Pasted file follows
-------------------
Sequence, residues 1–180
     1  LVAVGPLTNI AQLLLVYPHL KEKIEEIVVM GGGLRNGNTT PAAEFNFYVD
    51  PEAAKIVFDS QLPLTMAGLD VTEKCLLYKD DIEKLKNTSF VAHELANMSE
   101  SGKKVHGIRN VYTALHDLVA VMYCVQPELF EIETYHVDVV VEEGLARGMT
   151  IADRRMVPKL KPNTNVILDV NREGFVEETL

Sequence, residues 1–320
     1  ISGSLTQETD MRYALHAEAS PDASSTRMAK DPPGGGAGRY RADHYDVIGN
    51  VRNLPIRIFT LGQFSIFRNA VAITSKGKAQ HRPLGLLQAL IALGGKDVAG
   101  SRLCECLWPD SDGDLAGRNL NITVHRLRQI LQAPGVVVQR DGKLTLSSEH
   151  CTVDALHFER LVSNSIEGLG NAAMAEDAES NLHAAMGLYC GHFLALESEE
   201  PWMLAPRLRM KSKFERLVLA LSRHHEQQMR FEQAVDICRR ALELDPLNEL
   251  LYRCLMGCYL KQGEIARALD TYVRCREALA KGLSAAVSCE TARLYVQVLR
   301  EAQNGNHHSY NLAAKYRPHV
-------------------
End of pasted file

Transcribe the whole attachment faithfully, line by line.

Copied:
Sequence, residues 1–180
     1  LVAVGPLTNI AQLLLVYPHL KEKIEEIVVM GGGLRNGNTT PAAEFNFYVD
    51  PEAAKIVFDS QLPLTMAGLD VTEKCLLYKD DIEKLKNTSF VAHELANMSE
   101  SGKKVHGIRN VYTALHDLVA VMYCVQPELF EIETYHVDVV VEEGLARGMT
   151  IADRRMVPKL KPNTNVILDV NREGFVEETL

Sequence, residues 1–320
     1  ISGSLTQETD MRYALHAEAS PDASSTRMAK DPPGGGAGRY RADHYDVIGN
    51  VRNLPIRIFT LGQFSIFRNA VAITSKGKAQ HRPLGLLQAL IALGGKDVAG
   101  SRLCECLWPD SDGDLAGRNL NITVHRLRQI LQAPGVVVQR DGKLTLSSEH
   151  CTVDALHFER LVSNSIEGLG NAAMAEDAES NLHAAMGLYC GHFLALESEE
   201  PWMLAPRLRM KSKFERLVLA LSRHHEQQMR FEQAVDICRR ALELDPLNEL
   251  LYRCLMGCYL KQGEIARALD TYVRCREALA KGLSAAVSCE TARLYVQVLR
   301  EAQNGNHHSY NLAAKYRPHV